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Think of the last personal finance book you read. What did you get out of it? How did it change your life? What are you doing differently today with your finances as a result of reading the book?

These are some of the questions I started asking myself as looked through my large collection of books on money. The answer was depressing. In many cases I had little recollection of the book. In most cases, I couldn’t identify even a concept from the book that had an affect on how I handled money.

So I started reading books differently with two goals in mind. First, I wanted to read a book faster. I’m a very slow reader. I’ve tried the speed reading courses to no avail. Getting through a book faster was an important goal. Second, I wanted to remember and apply the concepts that resonated with me.

The result is what I call the Read for Wealth System. Here’s how it works.

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Step 1: Physical book vs. ebook

I like physical books. I take comfort in my library and it’s a joy to hold a good book in your hands. Yet physical books didn’t help me achieve my two goals–reading faster and retaining more. So I switched to reading personal finance and investing books on my iPad.

Reading on an iPad has several advantages. I can take my entire library with me wherever I go. It’s easy to look up books you’ve read in the past. And an iPad takes up a lot less space than a thick finance book.

An iPad or other Kindle device isn’t necessary to implement the system I’ll describe below, but reading on an iPad makes it a lot easier. You’ll see why in just a minute.

Step 2: Don’t read every word

You either read every-single-word-of-the-book or you haven’t read the book. At least that’s what I once believed. Silly.

Particularly with finance books, there’s often a lot of material that can be skipped. The author takes a detour into a story that’s of no interest to you. Skip it. The author covers a topic you’ve already mastered. Skip it. Or the book goes into a subject that doesn’t apply to you. Skip it.

The key is to skip over any part of a book that won’t advance your knowledge in a meaningful way.

Step 3: Take notes

It sounds painful. Yet taking notes is critical to the Read for Wealth System. Fortunately, it’s extremely easy to do with the Kindle app on an iPad.

As I’m reading, I highlight important text using a 4-color system:

  • Orange: Important concepts or ideas.
  • Red: Books, articles and other resources to read later
  • Yellow: Key terms
  • Blue: Key quotes

This simple system enables me to highlight everything of value in any book. It’s value becomes clear in the next step.

Before moving on, however, one more thing. You can implement this step with a physical book. Using a highlighter and some post-it notes, mark up the book as you read (unless it’s from the library, of course). This is not my preferred approach, but it gets the job done.

Step 4: Reread the book

A week to a month after reading and highlighting the book, read it again. This time, however, only focus on the text that you highlighted. This is the payoff.

It’s during the rereading of the book that you put the great information to use.

  • Tools: Start using or evaluating any great tools you found in the book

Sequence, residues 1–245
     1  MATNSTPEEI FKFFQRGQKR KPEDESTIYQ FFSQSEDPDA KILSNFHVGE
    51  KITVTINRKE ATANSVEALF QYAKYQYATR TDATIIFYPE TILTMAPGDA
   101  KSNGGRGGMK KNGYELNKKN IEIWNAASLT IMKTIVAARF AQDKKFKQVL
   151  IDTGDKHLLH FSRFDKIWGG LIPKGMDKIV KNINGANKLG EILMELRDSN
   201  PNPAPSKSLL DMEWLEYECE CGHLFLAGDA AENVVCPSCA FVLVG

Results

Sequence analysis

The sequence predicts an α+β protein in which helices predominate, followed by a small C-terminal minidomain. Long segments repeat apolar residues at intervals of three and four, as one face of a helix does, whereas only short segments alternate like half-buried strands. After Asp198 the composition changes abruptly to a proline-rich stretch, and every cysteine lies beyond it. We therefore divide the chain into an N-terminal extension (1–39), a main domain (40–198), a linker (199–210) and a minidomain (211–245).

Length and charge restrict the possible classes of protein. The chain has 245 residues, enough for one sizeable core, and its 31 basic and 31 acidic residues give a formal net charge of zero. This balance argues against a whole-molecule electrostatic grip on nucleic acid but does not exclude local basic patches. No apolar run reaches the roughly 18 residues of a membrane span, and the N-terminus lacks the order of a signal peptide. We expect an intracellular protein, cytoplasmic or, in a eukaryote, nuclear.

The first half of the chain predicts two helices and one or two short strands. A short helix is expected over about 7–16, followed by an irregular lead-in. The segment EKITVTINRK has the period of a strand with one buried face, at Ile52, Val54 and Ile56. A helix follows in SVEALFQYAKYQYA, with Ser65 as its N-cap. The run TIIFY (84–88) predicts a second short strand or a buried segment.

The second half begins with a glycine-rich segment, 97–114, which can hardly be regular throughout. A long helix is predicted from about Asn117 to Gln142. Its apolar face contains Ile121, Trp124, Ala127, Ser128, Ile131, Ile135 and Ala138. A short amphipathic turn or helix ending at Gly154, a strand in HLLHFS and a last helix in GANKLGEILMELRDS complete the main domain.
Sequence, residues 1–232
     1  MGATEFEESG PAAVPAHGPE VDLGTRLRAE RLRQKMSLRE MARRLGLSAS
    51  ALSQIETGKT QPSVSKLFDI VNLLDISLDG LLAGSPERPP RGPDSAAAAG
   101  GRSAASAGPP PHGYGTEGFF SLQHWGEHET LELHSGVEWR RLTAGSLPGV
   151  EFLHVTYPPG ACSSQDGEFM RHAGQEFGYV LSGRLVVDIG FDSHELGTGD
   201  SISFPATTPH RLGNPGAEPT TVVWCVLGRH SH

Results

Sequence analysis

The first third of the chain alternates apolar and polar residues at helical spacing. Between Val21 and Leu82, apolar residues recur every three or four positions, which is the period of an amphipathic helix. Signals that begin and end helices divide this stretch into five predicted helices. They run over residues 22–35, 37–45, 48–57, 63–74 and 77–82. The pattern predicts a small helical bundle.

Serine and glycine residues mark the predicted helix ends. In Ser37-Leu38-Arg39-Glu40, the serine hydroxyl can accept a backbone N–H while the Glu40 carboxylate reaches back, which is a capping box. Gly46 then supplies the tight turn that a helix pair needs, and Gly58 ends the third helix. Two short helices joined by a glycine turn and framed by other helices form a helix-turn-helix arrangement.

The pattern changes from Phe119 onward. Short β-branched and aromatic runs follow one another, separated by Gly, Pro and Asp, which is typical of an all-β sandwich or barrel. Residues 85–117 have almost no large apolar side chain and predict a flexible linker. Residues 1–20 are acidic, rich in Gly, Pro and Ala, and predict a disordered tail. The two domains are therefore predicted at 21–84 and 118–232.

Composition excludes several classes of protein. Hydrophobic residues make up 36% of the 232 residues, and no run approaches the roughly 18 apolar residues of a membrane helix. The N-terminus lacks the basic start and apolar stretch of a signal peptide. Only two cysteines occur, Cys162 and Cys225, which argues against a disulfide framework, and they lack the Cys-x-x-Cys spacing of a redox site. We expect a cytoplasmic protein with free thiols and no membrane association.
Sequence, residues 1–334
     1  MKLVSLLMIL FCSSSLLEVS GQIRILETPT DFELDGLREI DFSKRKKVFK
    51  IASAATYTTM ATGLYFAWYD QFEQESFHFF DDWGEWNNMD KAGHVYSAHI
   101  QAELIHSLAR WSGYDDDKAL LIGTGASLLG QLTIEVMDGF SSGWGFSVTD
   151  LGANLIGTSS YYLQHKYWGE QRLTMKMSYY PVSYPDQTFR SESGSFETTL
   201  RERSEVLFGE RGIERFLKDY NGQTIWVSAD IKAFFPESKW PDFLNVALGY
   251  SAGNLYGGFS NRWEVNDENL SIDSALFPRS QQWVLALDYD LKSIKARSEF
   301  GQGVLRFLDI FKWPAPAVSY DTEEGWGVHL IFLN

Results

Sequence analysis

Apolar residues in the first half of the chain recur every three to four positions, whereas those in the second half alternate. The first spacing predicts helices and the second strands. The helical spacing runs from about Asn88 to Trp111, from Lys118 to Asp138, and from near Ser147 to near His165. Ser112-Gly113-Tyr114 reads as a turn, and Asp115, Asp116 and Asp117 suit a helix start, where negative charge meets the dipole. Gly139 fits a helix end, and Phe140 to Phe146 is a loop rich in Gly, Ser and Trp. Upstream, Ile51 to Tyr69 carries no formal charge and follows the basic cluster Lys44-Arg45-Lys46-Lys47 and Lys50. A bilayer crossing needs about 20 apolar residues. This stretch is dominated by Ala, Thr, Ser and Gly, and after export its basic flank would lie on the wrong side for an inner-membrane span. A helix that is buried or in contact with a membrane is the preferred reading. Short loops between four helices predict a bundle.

• Concepts: Implement any ideas that resonated with you. This could many anything from a change to your asset allocation plan to the way you budget.
  • Key Terms: One of the hurdles with personal finance is learning the language of money. As you encounter new key terms (e.g., emerging markets, APY, credit utilization), keep a list of them and what they mean in your favorite note-taking tool (mine is Evernote).
  • Resources: Look up those books, articles and other resources you highlighted in the book. Read those resources that can be read quickly. Add longer articles and books to your list of items you plan to read (again, Evernote is an ideal tool for this).

Tip: Rather than reread the book on your kindle device, use the Kindle app on your computer. I reread every book on my Macbook Pro, which makes it easy to copy and paste important text into Evernote or WordPress.

Following this system is easy and very rewarding. It helps you take the ideas out of the book and apply them in your life. With Kindle books, you can also search for key concepts, which is particularly useful months or even years after you’ve read the book.

Article comments


Great advice here. Another thing I would add is that you should absolutely go down your own learning tangents when you hit a word, phrase, or concept that you don’t understand. Say you’re reading a book and you come across the phrase ‘opportunity cost’ but don’t know what it means. You might, however, sense that it’s probably an important concept to understand. So, at that point, stop reading, and take 5 to explore what it’s all about.

This method of ‘expanded learning’ is what separates those who study for exams from those who study to learn stuff.

Rob Berger says:

Richard, thanks for the tip.

ESI says:

Here’s what I do:

1. Use a paper book.

2. Underline/highlight key passages on the first pass.

3. Go back a second time and write down actions I want to take from the book.

Like you, I don’t read every word either.

Henry says:

I think a lot of people read too many of the same books too. I found I was reading personal finance books as a way to procrastinate in other areas of my life. It was just a way for me to feel productive.

So it’s always good to ask yourself if there’s something you should be doing vs reading.

Great tips! Thanks for sharing. I enjoy reading a lot and skimming, while taking notes of the important points, are a great way to do it. Awesome blog and keep rollin in that dough!